A palace is a grand residence, especially the home of a head of state or some other high-ranking public figure. In many parts of Europe, the term is also applied to relatively large urban buildings built as the private mansions of the aristocracy. Many historic palaces are now put to other uses such as parliaments, museums, hotels or office buildings. The word is also sometimes used to describe a lavish public building which was never a residence; this use may be intended to convey that the building is a "people's palace", where a sort of civic consciousness resides.
The word "palace" comes from the name of one of the seven hills of Rome, the Palatine Hill. The original 'palaces' on the Palatine Hill were the seat of the imperial power, while the capitol on the Capitoline Hill was the seat of the senate and the religious nucleus of Rome. Long after the city grew to the seven hills the Palatine remained a desirable residential area. Emperor Augustus Caesar lived there in a purposely modest house only set apart from his neighbors by the two laurel trees planted to flank the front door as a sign of triumph granted by the Senate. His descendants, especially Nero, with his "Golden House" enlarged the house and grounds over and over until it took up the hill top. The word Palatium came to mean the residence of the emperor rather than the neighbourhood on top of the hill.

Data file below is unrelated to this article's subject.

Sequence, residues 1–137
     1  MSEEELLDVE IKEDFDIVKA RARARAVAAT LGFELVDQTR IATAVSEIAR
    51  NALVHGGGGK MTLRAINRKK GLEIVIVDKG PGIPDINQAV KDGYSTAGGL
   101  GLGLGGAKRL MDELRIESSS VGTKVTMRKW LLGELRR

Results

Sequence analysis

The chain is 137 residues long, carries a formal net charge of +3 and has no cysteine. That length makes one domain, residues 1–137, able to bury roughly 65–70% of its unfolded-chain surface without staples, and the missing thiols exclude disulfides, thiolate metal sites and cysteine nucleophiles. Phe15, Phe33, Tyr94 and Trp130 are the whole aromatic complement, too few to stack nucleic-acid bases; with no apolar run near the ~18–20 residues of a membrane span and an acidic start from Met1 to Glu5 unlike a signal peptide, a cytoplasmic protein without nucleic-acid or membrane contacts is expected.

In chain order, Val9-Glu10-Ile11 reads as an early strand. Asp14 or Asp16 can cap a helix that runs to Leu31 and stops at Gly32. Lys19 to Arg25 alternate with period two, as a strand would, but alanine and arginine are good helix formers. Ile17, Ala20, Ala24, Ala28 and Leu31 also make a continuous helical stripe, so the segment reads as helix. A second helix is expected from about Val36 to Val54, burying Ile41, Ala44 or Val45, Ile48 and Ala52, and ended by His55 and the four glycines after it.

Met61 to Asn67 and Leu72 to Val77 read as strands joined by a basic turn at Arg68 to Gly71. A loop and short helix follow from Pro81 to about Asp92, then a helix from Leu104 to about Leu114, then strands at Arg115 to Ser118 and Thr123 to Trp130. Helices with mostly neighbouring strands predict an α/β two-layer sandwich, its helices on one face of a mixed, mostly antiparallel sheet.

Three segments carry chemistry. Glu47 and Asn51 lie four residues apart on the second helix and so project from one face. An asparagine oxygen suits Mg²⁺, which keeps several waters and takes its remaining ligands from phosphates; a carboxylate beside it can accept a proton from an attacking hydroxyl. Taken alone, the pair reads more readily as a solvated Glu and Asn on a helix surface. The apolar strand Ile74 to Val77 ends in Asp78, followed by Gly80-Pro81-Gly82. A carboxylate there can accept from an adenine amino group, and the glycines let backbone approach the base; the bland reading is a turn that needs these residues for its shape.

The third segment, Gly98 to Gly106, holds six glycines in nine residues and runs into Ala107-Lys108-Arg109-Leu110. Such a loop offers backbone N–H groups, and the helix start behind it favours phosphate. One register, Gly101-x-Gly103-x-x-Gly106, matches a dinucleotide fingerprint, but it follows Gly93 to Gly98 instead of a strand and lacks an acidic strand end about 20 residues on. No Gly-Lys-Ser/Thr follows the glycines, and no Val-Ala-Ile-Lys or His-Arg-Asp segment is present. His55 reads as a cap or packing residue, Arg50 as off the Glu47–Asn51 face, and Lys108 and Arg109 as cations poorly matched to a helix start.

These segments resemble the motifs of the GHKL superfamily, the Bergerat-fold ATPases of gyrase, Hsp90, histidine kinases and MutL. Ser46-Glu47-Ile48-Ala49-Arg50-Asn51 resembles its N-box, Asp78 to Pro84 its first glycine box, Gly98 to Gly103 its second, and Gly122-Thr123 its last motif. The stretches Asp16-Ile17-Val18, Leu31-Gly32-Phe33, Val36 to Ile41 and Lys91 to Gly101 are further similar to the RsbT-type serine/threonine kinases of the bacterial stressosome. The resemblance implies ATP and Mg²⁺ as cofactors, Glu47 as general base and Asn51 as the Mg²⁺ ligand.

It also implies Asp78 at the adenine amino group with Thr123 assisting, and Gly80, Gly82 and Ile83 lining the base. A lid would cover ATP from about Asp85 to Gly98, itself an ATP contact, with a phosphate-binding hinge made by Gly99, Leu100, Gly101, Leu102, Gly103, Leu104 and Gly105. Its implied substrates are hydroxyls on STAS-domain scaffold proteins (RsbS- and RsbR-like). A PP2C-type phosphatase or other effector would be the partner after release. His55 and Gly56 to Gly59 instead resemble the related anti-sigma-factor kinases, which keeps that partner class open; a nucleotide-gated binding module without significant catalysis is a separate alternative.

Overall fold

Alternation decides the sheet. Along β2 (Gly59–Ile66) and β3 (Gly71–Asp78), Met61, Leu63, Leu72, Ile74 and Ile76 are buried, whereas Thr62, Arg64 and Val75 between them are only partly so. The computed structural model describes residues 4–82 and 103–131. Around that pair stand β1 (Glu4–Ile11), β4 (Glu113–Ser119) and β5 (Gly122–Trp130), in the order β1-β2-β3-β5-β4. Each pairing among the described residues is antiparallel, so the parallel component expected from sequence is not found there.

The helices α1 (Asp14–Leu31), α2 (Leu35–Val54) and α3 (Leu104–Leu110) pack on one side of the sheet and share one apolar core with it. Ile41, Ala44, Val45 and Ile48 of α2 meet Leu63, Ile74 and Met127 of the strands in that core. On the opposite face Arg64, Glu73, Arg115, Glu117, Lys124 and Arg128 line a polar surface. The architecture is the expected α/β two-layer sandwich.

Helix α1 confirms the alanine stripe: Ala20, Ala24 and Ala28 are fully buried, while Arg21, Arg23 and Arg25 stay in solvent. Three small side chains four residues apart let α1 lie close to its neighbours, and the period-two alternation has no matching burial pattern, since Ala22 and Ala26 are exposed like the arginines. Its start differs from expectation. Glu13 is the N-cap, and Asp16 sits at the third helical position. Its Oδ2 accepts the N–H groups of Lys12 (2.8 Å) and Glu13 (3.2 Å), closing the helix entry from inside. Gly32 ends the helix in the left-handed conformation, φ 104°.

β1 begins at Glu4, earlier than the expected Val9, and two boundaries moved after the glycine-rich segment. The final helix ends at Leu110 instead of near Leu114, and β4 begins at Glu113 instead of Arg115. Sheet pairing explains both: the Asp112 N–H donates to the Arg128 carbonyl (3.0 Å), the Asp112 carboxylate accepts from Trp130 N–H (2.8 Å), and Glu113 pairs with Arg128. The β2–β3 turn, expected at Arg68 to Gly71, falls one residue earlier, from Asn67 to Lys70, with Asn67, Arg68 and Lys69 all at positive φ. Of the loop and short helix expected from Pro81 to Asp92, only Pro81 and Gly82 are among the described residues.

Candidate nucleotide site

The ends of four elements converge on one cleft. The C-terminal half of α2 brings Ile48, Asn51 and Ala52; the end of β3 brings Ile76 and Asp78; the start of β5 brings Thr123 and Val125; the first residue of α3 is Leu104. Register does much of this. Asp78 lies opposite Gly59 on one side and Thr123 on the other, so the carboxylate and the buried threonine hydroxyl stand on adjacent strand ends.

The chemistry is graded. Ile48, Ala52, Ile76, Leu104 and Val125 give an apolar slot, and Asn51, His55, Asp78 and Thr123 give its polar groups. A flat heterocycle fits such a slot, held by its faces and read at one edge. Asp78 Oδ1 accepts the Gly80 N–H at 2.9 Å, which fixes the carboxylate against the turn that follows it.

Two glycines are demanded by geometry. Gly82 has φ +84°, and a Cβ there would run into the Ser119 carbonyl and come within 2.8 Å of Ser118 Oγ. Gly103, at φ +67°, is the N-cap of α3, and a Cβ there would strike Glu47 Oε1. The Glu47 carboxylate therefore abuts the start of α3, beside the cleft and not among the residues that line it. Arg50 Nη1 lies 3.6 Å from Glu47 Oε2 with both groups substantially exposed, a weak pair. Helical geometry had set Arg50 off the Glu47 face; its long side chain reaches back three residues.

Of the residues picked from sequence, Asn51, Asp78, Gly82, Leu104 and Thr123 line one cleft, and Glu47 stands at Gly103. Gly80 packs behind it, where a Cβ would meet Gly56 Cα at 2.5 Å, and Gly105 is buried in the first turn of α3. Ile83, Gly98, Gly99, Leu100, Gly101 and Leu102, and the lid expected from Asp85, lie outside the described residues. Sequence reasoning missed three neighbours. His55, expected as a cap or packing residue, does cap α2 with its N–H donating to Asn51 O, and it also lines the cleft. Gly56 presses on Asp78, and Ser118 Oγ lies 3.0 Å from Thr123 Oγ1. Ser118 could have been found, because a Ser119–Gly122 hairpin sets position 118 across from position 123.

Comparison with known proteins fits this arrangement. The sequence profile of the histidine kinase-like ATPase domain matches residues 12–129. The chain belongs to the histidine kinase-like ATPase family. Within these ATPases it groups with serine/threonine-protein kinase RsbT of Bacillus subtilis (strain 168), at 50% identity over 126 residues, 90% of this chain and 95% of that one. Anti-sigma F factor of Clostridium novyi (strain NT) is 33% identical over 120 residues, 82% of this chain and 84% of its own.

"Palace" meaning "government" can be recognized in a remark of Paul the Deacon, writing ca 790 and describing events of the 660s: "When Grimuald set out for Beneventum, he entrusted his palace to Lupus" (Historia gentis Langobardorum, V.xvii). At the same time Charlemagne was consciously reviving the Roman expression in his "palace" at Aachen, of which only his chapel remains. In the 9th century the "palace" indicated the housing of the government too, and the constantly-travelling Charlemagne built fourteen. In the early Middle Ages, the Palas remained the seat of government in some German cities. In the Holy Roman Empire the powerful independent Electors came to be housed in palaces (Paläste). This has been used as evidence that power was widely distributed in the Empire, as in more centralized monarchies, only one supreme monarch would be allowed to call their home a palace.
The château, by contrast, has always been in rural settings, supported by its demesne, even when it was no longer actually fortified. Speakers of English think of the "Palace of Versailles" because it was the residence of the king of France, and the king was the source of power, though the building has always remained the Château de Versailles for the French, and the seat of government under the ancien regime remained the Palais du Louvre. The Louvre had begun as a fortified Château du Louvre on the edge of Paris, but as the seat of government and shorn of its fortified architecture and then completely surrounded by the city, it developed into the Palais du Louvre.